The Equity Factor

Here’s a Novel Idea: In MA, Policymakers Work Together on Economic Development

A new bill in Massachusetts aims to help promote economic development in 26 depopulated cities.

Lowell, Mass. Credit: Lei Han on Flickr

This is your first of three free stories this month. Become a free or sustaining member to read unlimited articles, webinars and ebooks.

Become A Member

The Rust Belt often gets the most attention for depopulated urban cores and legacy cities reeling from the decline of manufacturing. But from Springfield to Pittsfield, Massachusetts deals with many of the same issues. Now more than two dozen Bay State cities, defined as “midsize urban centers that anchor regional economies,” have banded together on legislation that could promote smart economic development with a common vision.

A little background: In 2008, 11 Massachusetts cities signed a compact to work together under the collective name “Gateway Cities.” The agreement has since expanded to 26 cities across the state trying to tackle everything from housing to job creation. The idea is that policy that works for Lowell will work for New Bedford, too.

Last week House Bill 311, “An Act to Promote Transformative Development in Gateway Cities,” started making its way through the state legislature. The bill has a preachy name, but it’s all in the interest of getting smaller urban cores on the same footing.

Policy is generally an unsexy topic. But this legislation, which hones in on public support that will theoretically spur much more private investment, has the opportunity to buoy Gateway Cities and pump up job creation. There are four highlights to the bill: Creating a new development fund that will help pay for public infrastructure and commercial loans, expanding the state’s economic development incentive program cap from $25 million to $75 million, expanding housing development incentives, and raising the tax credits on historic rehabs.

“We put a lot of urban infrastructure here,” said Benjamin Forman, executive director of the Gateway Cities Innovation Institute. “A lot of these cities are connected for the most part with rail. So there’s a lot of existing infrastructure serving them, but not a whole lot of economic activity left in them.”

House Bill 311 backers hope to encourage more private investment within these cities. By raising the economic incentive development program cap and making more revolving loans available for commercial development, they think it will jumpstart job creation.

“These cities have this unique urban fabric that people seem to really desire again,” Forman said. “So there’s a lot there that we could tap into, but the market can’t do it on its own. Someone has to be the first to move.”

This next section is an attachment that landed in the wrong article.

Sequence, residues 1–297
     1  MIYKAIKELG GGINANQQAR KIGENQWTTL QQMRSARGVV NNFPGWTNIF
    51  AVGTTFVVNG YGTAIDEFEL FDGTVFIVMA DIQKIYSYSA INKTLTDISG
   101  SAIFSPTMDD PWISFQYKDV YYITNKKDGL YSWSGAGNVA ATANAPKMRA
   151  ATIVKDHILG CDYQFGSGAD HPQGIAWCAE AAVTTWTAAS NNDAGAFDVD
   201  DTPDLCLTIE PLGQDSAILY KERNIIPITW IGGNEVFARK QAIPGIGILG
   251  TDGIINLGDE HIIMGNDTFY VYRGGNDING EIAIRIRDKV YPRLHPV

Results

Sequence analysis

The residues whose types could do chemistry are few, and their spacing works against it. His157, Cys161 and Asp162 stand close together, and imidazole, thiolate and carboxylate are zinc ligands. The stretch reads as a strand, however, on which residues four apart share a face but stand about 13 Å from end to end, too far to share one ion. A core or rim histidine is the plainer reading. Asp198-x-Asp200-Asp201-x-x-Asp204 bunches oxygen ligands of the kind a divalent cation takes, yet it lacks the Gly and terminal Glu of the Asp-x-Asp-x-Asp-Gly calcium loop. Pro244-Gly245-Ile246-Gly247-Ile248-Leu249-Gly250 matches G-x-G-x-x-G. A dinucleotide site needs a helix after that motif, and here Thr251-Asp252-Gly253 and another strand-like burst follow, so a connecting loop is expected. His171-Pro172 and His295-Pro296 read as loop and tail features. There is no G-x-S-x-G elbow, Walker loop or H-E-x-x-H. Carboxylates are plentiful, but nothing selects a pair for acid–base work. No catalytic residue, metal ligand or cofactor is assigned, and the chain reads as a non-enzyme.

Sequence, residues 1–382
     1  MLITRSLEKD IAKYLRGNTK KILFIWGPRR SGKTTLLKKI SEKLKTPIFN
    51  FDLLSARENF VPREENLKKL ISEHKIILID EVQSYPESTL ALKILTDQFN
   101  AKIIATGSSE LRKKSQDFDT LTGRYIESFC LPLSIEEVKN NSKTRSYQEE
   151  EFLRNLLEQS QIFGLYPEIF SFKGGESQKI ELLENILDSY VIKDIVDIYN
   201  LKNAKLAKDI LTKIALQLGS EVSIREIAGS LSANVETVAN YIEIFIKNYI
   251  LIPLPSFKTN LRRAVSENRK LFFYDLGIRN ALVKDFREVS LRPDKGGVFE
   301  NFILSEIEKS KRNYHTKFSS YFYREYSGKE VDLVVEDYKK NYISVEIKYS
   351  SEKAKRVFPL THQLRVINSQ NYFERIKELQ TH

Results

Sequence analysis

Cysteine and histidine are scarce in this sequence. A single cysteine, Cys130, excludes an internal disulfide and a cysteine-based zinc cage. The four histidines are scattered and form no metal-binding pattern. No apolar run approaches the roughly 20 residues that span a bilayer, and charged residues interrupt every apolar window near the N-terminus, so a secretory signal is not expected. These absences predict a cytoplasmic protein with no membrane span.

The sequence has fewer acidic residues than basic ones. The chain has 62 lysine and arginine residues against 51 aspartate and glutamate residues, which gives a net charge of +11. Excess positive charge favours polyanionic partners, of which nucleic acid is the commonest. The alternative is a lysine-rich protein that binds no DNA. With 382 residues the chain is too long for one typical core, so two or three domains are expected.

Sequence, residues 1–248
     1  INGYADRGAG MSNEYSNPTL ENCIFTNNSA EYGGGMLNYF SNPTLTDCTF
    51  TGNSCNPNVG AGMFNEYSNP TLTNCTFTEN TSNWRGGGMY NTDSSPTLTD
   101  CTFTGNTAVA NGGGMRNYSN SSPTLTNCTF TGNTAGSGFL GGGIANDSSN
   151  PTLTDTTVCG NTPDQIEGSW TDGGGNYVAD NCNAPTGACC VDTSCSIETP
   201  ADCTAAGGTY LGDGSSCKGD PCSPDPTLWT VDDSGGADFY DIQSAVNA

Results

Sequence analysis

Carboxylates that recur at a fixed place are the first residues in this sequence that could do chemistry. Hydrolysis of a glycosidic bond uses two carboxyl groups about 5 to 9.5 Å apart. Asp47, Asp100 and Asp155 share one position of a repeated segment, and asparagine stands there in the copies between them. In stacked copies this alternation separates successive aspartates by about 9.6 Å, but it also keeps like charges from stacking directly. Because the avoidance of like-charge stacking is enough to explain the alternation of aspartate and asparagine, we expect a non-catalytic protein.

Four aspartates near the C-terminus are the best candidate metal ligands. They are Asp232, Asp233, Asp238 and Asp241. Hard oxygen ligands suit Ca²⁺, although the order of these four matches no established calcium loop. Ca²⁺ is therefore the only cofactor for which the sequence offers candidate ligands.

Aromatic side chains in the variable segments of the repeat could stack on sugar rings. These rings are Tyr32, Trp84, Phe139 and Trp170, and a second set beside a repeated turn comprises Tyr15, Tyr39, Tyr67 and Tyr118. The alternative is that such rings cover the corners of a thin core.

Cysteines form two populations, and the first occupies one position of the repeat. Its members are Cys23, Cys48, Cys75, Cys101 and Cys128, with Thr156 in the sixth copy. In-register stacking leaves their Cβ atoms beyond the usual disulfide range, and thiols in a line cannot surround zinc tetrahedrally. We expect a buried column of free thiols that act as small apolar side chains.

It’s worth noting that the bill isn’t designed to give massive corporate handouts like New Jersey’s urban transit hub tax credit. Instead the aim is to promote the kinds of things urbanists salivate over: Restored factories, walkable downtowns and a robust local economy. Forman said that there will likely be a jobs bill this session, and 311 supporters hope that components of the bill will make it into the jobs package. “That’s the route forward we see,” he said.

More importantly, here we have a group of cities working together to each other’s benefit. It’s not the exact same idea as regionalism — which more metro regions should embrace — but it has the same ethos. To risk going full Sesame Street on you: Everyone can work together.

Have you watched cable TV recently? Think of how often policymakers stonewall legislation for moronic bipartisan agendas. The Gateway Cities pact to promote smart policy that can help 26 cities with similar economic struggles is Yeoman’s work. They’re looking out for their constituents and, in turn, the constituents of 25 other cities in the state facing the same struggle.

The Equity Factor is made possible with the support of the Surdna Foundation.

Like what you’re reading? Get a browser notification whenever we post a new story. You’re signed-up for browser notifications of new stories. No longer want to be notified? Unsubscribe.

Bill Bradley is a writer and reporter living in Brooklyn. His work has appeared in Deadspin, GQ, and Vanity Fair, among others.

Follow Bill

Tags: economic developmentequity factormanufacturingdemographics

Next City App Never Miss A StoryDownload our app ×

You've reached your monthly limit of three free stories.

This is not a paywall. Become a free or sustaining member to continue reading.

  • Read unlimited stories each month
  • Our email newsletter
  • Webinars and ebooks in one click
  • Our Solutions of the Year magazine
  • Support solutions journalism and preserve access to all readers who work to liberate cities

Join 991 other sustainers such as:

  • Joseph at $5/Month
  • Anonymous in Newburyport, MA at $5/Month
  • John at $10/Month

Already a member? Log in here. U.S. donations are tax-deductible minus the value of thank-you gifts. Questions? Learn more about our membership options.

or pay by credit card:

All members are automatically signed-up to our email newsletter. You can unsubscribe with one-click at any time.

  • Donate $60 or

    Just Action by Leah Rothstein and Richard Rothstein

  • Solutions of the year 2022

    Donate $20 or $5/Month

    2022-2023 Solutions of the Year magazine

  • Brave New Home

    Donate $40 or $10/Month

    Brave New Home by Diana Lind